The AUC explained that multiplying the going-in revenue requirement for similar types of expenditures by the I-X index and adjusting for Q resulted in a proportional allocation of the impact on revenue of any changes in billing determinants. For electric Distribution Utilities under the price cap PBR plan, this percentage change was calculated across all billing determinants, including energy, demand, and the number of customers. For gas Distribution Utilities under the revenue-per-customer cap PBR plan, the percentage change was calculated as a forecast weighted-average change in the number of customers among rate classes.

Significant changes approved in the 2018-2022 PBR Plans Decision from the previous generation of PBR plans included the following:

(a)     a requirement that going-in rates be based on actual costs experienced in the previous term and not on forecasted costs for the next term;

(b)     a determination that the X Factor (inclusive of a productivity growth and stretch factor) would be equal to 0.3 percent for the next PBR term, a reduction from the previously approved 1.16 percent; and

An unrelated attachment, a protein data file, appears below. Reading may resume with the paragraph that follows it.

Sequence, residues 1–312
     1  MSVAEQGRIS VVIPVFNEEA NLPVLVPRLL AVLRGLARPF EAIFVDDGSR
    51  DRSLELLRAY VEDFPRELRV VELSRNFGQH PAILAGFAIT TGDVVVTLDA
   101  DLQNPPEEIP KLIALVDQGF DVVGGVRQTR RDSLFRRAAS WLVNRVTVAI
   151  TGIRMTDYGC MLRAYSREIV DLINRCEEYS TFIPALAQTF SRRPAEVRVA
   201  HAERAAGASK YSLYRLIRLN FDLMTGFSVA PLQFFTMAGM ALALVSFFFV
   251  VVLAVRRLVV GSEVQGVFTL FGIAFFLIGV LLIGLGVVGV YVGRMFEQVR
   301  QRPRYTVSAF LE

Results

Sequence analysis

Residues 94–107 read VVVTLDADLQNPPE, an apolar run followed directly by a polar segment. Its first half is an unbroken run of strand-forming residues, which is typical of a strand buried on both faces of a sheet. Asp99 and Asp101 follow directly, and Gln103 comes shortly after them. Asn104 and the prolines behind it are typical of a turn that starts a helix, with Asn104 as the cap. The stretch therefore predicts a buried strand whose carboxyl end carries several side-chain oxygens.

(c)     changes to the capital funding mechanism, whereby most capital additions would be funded through a mechanism tied to the I-X Mechanism (the K-bar parameter) rather than being COS based, as was the case for capital projects eligible for capital tracker treatment under the previous generation of PBR plans.

First Compliance Filing

The AUC subsequently issued Decision 22394-D01-2018 dealing with the first compliance proceeding (the “First Compliance Decision”), pursuant to the AUC’s directions in the 2018-2022 PBR Plans Decision.

In the First Compliance Decision, the AUC made directions to the Distribution Utilities requiring modification to various components of the notional 2017 revenue requirement and base K-bar amount. The AUC directed each of the Distribution Utilities to file a second compliance application reflecting the directed modifications.

Summary of AUC Findings re Second Compliance Filing